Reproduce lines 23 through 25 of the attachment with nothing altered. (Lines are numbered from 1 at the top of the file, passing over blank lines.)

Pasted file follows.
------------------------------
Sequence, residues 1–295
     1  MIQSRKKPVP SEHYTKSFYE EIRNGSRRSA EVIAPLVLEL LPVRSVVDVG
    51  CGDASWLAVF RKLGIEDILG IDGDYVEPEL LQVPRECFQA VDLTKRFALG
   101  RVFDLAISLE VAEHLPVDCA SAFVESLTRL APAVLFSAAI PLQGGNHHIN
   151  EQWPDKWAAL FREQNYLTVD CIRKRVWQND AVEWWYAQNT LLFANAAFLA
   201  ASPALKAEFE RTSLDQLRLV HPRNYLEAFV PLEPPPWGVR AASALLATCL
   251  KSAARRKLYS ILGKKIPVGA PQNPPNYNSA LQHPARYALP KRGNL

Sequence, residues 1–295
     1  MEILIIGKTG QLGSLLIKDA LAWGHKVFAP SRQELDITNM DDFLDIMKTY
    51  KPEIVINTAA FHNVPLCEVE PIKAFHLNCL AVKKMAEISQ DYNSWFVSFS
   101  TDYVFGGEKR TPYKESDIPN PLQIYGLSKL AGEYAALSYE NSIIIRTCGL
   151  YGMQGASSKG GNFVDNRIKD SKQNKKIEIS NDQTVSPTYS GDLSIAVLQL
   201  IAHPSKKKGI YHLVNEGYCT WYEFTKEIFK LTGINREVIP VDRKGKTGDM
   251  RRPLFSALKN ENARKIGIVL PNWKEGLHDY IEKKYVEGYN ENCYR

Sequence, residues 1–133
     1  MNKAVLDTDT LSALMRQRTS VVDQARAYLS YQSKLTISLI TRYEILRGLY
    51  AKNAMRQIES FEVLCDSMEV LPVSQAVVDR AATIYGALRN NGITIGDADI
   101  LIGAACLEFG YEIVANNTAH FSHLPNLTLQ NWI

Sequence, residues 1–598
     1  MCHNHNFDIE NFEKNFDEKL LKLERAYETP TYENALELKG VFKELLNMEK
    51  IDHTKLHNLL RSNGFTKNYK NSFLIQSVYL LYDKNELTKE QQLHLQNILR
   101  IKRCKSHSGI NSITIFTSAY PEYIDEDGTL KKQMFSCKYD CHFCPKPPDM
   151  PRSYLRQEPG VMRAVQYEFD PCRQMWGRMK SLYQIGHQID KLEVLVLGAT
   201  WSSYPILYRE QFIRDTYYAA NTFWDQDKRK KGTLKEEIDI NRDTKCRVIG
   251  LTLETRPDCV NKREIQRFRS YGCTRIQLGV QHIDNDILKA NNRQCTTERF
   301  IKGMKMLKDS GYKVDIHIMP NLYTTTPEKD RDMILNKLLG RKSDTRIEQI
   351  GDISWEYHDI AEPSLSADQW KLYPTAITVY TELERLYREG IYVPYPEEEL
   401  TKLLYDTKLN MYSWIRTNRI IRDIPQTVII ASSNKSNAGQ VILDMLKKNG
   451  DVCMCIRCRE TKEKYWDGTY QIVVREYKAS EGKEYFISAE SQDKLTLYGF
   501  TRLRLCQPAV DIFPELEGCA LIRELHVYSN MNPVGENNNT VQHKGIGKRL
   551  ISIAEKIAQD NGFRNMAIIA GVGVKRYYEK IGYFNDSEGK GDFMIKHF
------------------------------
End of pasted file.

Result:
   151  PRSYLRQEPG VMRAVQYEFD PCRQMWGRMK SLYQIGHQID KLEVLVLGAT
   201  WSSYPILYRE QFIRDTYYAA NTFWDQDKRK KGTLKEEIDI NRDTKCRVIG
   251  LTLETRPDCV NKREIQRFRS YGCTRIQLGV QHIDNDILKA NNRQCTTERF